Why don't Americans do OBOR

Working papers

The OBOR (“one belt, one road”) Silk Road initiative launched by Chinese President Xi Jinping presents itself as a gigantic infrastructure network on land and at sea that is intended to bring Eurasia and Africa closer together, while being flexible, inclusive and oriented towards cooperation. In addition to secure access to resources, the initiative is also intended to help China open up new export markets, especially in Southern and Eastern Europe and Africa. If you take a closer look, however, much remains vague up to now; the exact geographical scope is deliberately kept open. This also ensures that the sovereignty of interpretation remains with Beijing. China is striving for a comprehensive network to strengthen the connectivity of this large economic area, but reserves the right, with its economic and financial weight, to align the threads of the spider's web with its economic and political needs.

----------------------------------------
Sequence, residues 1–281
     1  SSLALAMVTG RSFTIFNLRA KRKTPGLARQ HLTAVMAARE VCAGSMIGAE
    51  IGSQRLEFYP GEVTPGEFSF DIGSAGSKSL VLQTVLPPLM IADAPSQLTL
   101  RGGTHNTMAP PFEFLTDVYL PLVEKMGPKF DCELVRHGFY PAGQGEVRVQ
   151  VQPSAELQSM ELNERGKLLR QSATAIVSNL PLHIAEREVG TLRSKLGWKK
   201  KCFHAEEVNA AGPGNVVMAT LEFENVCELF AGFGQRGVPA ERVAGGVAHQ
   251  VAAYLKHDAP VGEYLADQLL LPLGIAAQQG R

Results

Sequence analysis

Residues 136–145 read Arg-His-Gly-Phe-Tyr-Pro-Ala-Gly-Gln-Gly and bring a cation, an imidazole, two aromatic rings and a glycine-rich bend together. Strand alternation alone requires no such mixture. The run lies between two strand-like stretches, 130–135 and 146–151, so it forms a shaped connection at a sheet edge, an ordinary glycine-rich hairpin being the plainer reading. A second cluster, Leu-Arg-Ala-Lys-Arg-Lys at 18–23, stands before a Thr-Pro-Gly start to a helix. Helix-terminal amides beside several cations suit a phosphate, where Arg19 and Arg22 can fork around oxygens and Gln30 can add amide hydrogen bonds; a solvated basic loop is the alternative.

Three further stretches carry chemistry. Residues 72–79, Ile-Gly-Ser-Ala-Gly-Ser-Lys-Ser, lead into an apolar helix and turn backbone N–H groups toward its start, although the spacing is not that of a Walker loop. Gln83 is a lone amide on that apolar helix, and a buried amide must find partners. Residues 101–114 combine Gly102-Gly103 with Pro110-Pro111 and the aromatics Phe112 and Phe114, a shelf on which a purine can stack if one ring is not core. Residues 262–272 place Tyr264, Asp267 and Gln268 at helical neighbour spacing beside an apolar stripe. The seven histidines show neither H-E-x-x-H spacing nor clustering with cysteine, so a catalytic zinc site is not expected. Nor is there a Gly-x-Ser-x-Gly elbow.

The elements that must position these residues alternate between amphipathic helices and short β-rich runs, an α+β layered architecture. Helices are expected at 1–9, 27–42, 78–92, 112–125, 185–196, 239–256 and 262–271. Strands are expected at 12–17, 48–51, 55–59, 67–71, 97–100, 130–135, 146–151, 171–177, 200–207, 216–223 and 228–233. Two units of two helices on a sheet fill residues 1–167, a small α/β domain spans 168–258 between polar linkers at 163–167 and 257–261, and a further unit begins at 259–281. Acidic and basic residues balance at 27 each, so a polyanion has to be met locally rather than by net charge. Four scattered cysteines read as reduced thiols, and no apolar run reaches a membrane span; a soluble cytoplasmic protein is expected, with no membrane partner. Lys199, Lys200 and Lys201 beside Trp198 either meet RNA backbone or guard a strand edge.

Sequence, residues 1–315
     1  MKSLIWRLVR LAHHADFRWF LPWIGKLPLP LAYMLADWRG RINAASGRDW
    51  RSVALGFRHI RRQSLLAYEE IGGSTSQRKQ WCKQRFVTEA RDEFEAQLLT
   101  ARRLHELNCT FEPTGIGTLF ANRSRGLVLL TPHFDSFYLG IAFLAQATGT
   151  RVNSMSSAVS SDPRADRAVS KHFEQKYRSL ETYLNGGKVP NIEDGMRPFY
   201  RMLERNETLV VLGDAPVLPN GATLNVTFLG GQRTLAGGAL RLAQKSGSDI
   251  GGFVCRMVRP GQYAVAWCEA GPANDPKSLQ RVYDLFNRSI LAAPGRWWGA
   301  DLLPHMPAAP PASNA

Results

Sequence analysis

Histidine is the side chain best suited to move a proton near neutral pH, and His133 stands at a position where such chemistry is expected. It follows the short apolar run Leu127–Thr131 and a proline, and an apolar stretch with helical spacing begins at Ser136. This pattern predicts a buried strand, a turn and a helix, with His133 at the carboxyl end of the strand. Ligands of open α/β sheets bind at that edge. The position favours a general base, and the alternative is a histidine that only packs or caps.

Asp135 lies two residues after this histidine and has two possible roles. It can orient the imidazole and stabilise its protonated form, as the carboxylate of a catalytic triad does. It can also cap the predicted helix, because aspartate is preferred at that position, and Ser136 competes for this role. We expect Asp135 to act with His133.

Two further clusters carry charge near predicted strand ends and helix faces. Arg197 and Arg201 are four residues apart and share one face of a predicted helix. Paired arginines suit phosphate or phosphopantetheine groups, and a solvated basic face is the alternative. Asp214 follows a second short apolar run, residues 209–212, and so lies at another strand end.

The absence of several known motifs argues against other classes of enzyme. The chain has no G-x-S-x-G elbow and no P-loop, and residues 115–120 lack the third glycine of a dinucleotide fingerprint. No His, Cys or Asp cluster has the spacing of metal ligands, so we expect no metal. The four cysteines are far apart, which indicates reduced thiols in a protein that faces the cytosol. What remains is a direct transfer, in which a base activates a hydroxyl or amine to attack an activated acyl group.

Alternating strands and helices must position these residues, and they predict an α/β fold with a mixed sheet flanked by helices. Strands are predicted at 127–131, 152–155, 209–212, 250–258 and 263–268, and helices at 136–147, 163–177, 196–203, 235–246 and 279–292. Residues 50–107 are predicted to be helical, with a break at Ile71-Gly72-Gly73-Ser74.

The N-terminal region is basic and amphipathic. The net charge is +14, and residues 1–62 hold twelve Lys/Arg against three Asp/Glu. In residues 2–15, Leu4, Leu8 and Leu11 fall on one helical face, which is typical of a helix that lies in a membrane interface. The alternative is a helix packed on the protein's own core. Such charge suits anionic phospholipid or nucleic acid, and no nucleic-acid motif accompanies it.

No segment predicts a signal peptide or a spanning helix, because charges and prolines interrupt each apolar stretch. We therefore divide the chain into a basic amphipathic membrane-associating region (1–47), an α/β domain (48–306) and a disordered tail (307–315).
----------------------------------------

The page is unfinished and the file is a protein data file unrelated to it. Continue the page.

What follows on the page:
The Silk Road Initiative and Europe